Couldn’t She Make Up Her Mind?
Once again, I listened to an audiobook to get my intellectual needs met while I worked around the house. It may be tenacity that I stayed with it even when I started getting disappointed in it, or it could have been out of laziness. I almost gave up on it several times, but my curiosity got the better of me. For many years, I refused to not finish a book, but no more, life is too short. As this book went on, I could not figure out what the writer wanted the story to be. Was it
a supernatural tale,
a social commentary,
a fact-based novel,
or a romance novel.
Any two of these are fine, more than two and it is a muddle, yet this author tried to squeeze in all of them in and when it came to the fact-based social commentary, she managed to throw in several at one time.
I was not going to do a review of this, except for the fact that so much was wrong. Then I thought that I would do a full review, but again, too much was going on that if you couldn’t figure out the BIG MYSTERY from my description, well, that would be very odd.
I knew the two storylines that she bounced between had to be related from the moment she switched the first time.
“Related” being an operative word here.
For a small place in the country, too many people from in and outside of the area were unwittingly involved in a shady business, and an extremely few of those involved said anything to their grown children, who were directly involved. Too few Locals questioned the strange coincidences and occurrences in the woods and town, and there is one big moral problem throughout the book that suddenly isn’t a problem near the end.
Actually, it is; it is a really big problem. I never had sympathy for the one character to whom it is astonishingly no longer a problem, no matter how hard the author tried to explain away his erratic misbehavior.
The Bronte Sisters could not accomplish that for me, so this author certainly couldn’t.
Then there is the woman grocer who knows everything about everyone except what is right under her nose and in her own family; she’s not pretending, she simply does not see the obvious and never questions any odd thing that she is told or even sees herself, but she knows everything in the world else.
So, Protagonist-girl, is the man attractive or not? Is he creepy or not? Can you trust him or not?
Why do you trust your landlady?
Without a job, where do you get your money?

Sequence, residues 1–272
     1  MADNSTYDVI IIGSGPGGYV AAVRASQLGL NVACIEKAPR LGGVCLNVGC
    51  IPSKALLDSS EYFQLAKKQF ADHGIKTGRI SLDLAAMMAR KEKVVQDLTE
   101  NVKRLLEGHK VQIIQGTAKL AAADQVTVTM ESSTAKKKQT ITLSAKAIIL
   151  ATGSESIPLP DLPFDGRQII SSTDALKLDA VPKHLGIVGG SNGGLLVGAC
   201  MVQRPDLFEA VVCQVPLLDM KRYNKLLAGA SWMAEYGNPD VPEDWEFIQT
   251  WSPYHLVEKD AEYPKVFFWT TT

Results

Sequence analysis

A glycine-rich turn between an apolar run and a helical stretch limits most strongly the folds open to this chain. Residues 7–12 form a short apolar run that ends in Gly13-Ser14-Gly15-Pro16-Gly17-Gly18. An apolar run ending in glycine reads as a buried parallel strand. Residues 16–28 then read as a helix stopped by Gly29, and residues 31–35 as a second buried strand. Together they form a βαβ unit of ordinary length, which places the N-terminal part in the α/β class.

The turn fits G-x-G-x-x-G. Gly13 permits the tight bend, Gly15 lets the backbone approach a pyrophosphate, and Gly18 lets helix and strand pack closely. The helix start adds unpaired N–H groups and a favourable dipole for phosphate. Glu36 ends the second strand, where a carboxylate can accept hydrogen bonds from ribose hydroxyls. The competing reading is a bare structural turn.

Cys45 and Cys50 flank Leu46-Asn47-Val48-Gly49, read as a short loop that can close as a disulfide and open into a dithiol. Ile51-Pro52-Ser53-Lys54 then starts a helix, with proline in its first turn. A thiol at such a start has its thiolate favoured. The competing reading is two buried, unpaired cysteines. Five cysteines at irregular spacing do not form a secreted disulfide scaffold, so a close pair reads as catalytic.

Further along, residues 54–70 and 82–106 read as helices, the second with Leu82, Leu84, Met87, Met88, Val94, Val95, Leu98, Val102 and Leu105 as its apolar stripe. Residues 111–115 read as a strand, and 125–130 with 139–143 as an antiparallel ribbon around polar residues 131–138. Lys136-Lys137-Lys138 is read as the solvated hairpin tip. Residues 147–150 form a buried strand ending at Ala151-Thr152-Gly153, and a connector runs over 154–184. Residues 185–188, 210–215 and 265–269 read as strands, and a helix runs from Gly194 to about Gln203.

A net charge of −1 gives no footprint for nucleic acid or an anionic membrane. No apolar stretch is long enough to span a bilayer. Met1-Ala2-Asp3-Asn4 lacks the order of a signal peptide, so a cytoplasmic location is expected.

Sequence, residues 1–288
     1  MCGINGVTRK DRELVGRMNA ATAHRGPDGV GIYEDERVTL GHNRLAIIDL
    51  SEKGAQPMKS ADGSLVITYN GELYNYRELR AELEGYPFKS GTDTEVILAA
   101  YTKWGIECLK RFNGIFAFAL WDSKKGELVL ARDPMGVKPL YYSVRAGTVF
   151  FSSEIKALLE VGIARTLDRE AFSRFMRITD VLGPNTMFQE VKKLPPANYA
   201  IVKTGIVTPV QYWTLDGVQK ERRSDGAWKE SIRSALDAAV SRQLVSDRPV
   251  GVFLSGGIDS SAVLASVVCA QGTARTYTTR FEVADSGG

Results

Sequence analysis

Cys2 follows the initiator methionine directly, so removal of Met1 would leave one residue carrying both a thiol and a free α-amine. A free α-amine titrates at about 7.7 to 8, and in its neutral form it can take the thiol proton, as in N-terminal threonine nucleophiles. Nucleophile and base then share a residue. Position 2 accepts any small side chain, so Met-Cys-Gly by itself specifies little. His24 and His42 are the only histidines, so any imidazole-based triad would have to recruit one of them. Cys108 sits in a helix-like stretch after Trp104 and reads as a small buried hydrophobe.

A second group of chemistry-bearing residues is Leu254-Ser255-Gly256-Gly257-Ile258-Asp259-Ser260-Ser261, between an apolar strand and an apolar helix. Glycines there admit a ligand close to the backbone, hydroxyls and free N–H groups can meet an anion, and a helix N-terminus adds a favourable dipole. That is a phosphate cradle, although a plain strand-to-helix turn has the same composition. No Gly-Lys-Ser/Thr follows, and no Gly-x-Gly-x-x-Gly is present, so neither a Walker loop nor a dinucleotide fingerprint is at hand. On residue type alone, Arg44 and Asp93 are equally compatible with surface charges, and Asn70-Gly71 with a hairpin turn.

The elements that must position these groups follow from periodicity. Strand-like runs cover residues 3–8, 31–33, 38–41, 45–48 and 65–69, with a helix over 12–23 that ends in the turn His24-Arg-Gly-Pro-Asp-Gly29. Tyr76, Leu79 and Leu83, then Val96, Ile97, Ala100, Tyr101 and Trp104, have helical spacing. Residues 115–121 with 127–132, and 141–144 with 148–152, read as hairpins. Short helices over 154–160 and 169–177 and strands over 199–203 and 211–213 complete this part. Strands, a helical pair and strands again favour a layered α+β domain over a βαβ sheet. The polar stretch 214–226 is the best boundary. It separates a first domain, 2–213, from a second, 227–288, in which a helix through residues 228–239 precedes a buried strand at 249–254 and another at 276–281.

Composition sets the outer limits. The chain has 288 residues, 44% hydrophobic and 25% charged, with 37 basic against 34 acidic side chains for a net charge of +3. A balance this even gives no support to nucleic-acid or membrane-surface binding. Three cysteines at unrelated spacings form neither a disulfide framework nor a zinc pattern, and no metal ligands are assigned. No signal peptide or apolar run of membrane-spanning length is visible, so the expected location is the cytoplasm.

Why are you such a wimp that you are in total emotional shut-down after losing your boyfriend and job in one week, when it wasn’t a career and you don’t seem to be particularly heartbroken over the guy?
Why don’t you just report things to start with?
Another controversial social/moral problem of this age is put as a big scandal when it isn’t one. The person who was being blackmailed about it was simply guilty of not reporting the crime involved in the issue when she learned of it after the fact, because she was told that it would save a life.
Other than this unfortunate choice of scandal is tidied up and explained away, but must have been added only as an attempt to be current, and aware, or falsely compassionate. Other than that, the book is nearly squeaky clean, except for the moral problem mentioned earlier, and even then the victims change the situation when they are made aware…or one who doesn’t, but he should, since he did before. The author misses the mark if she’s trying to prove true love.
If the person were arrested, the people that she feared could not get to her.
Then there is the ‘science’ that explains the ‘supernatural’ element; it’s so bogus, it is ridiculous.
Even if it were true, the continual, sudden occurrence of this phenomenon under these conditions is positively silly, because it would be happening all the time, not just with these people, in this manner.
You can’t have it both ways.
I keep using that phrase. I say it to family, I say it to those who complain about one political party or another, I say it about the behavior of people, and I say it about writing:
You can’t have it both ways.
Make up your minds.
And I ask again:
Are there no editors anymore?
It all tidies up and ends in what would be a typical, pretty little HEA in a romance novel,
only, this book isn’t one, or maybe it was so muddled that I didn’t recognize it as one, and maybe the writer couldn’t decide if it was one.
At least I got a lot of things done while listening and didn’t truly waste any time on or in “The Cottage” by Lisa Stone.